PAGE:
In contrast, investors in public markets can invest and redeem whenever they want because the fund manager can simply execute a buy or sell order almost instantly.

So, why would you invest in the private markets given all these complications?​

The million-dollar questions: Why invest in private markets? What are the benefits of investing in private markets?
​Private market investments offer the potential for higher long-term returns (often exceeding those of traditional assets like shares), lower return volatility, and improved diversification.

​The chart below illustrates how the value of $100 would have grown between 31 December 2000 and 31 December 2022 if it were invested in private equity versus had it been invested in the US share market or global share market over the same period. It shows that the $100 would have grown to over $920 if it was invested in private equity (as represented by the PrEQIn Private Capital Quarterly Index after fees), while it would have only grown to approximately $460 in the US share market (as represented by the S&P 500 Total Return Index - Unhedged in AUD terms) and $360 in the global share market (as represented by the MSCI World Total Return Index - Unhedged in AUD terms). It also shows that the ride along the private equity path was also smoother (i.e. less volatile and shallower draw-downs).

​*Source: Preqin Database based on Reach Alternative Investments analysis as at 2 January 2024. The PrEQIn Private Capital Quarterly Index "captures in an index the return earned by investors on average in their private capital portfolios, based on the actual amount of money invested in private capital partnerships". ​​Past performance is no indicator of future performance.​

However, the private markets are not just about financial gain; you are also contributing to innovation and growth. Private market investing is a chance to be a part of groundbreaking ventures, real estate developments, nation-building infrastructure and more.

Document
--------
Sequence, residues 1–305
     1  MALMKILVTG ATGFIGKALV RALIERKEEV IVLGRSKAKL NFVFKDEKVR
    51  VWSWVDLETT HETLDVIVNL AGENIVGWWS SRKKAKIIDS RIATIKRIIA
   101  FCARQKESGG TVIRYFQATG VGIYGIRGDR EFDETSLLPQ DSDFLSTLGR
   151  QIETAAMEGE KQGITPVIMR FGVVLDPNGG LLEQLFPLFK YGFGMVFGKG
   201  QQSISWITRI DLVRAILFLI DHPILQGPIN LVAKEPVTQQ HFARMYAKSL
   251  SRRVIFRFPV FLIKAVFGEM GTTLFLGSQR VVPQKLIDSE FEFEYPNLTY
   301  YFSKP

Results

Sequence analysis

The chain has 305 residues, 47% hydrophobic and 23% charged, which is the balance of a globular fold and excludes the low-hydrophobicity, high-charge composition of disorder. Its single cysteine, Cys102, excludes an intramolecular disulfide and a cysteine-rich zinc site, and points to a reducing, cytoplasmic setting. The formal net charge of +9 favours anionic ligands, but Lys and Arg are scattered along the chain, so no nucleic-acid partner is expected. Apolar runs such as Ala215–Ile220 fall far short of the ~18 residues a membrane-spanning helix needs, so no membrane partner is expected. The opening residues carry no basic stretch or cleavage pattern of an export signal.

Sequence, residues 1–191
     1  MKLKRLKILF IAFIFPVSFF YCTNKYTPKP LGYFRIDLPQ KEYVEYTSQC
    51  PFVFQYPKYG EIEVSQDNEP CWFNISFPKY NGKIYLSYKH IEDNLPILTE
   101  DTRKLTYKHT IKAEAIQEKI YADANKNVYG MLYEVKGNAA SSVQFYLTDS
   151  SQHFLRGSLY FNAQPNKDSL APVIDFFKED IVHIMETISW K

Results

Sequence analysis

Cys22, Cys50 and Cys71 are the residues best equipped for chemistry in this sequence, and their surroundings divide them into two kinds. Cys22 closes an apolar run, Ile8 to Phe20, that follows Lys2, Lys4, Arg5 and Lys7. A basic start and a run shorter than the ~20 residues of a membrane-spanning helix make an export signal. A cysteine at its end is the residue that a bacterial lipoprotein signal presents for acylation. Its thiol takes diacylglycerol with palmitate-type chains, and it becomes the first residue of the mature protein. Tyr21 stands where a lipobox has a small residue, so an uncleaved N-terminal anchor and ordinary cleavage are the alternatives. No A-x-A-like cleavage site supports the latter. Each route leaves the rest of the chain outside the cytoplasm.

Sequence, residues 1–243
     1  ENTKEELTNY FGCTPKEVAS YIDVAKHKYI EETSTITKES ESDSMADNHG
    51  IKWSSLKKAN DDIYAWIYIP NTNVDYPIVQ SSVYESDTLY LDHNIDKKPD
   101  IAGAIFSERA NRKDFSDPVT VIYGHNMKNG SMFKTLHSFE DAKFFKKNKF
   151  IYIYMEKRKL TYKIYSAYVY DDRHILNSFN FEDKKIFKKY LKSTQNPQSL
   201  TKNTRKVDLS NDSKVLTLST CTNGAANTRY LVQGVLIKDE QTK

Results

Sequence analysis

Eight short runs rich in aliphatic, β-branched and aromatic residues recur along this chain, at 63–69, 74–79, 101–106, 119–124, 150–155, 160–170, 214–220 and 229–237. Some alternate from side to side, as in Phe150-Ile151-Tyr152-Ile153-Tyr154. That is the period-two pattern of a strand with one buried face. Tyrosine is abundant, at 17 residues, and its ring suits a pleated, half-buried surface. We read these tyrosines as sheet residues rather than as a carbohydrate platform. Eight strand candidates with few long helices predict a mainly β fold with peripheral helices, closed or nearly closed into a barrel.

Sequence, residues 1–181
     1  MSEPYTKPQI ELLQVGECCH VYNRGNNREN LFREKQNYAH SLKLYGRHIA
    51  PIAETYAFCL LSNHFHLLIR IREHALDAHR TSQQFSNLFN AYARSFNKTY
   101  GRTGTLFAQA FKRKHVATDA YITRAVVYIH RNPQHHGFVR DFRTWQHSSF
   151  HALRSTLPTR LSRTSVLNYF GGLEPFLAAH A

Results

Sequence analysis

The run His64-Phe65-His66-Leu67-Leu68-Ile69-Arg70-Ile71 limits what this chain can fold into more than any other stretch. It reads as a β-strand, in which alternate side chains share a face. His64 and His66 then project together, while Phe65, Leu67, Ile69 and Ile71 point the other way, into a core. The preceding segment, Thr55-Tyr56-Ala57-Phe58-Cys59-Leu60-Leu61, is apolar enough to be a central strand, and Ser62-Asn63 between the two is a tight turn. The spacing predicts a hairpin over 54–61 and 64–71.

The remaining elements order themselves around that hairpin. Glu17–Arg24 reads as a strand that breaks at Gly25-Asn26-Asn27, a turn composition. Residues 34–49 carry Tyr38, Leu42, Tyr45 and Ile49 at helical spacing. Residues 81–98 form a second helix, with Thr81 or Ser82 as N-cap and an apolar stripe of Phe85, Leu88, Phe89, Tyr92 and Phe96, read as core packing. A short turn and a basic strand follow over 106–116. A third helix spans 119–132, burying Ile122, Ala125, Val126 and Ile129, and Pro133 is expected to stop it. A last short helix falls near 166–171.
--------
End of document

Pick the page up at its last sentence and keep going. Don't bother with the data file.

Risks and Considerations​

While private equity can provide benefits such as increased returns and diversification, investors need to weigh specific considerations before deciding if it's the appropriate investment route for them.

  • ​Management fees: Assessing a fund necessitates examining its net performance, after fees, instead of solely concentrating on gross return metrics. Fee transparency is essential.​
  • High minimums: Conventional private equity investments frequently demand high minimums, which may deter individual investors.

  • ​Low liquidity and postponed cash flows: Private equity funds generally have lock-up periods, rendering them as long-term, illiquid investments. Moreover, a private equity fund's investment and profit realisation schedule can cause delays in cash flow for investors.

  • ​Risk of loss: Private equity investments carry a high level of risk and may lead to partial or complete capital loss. Alternative investments are intricate, speculative instruments appropriate solely for qualified investors possessing adequate knowledge and experience to comprehend the associated risks.​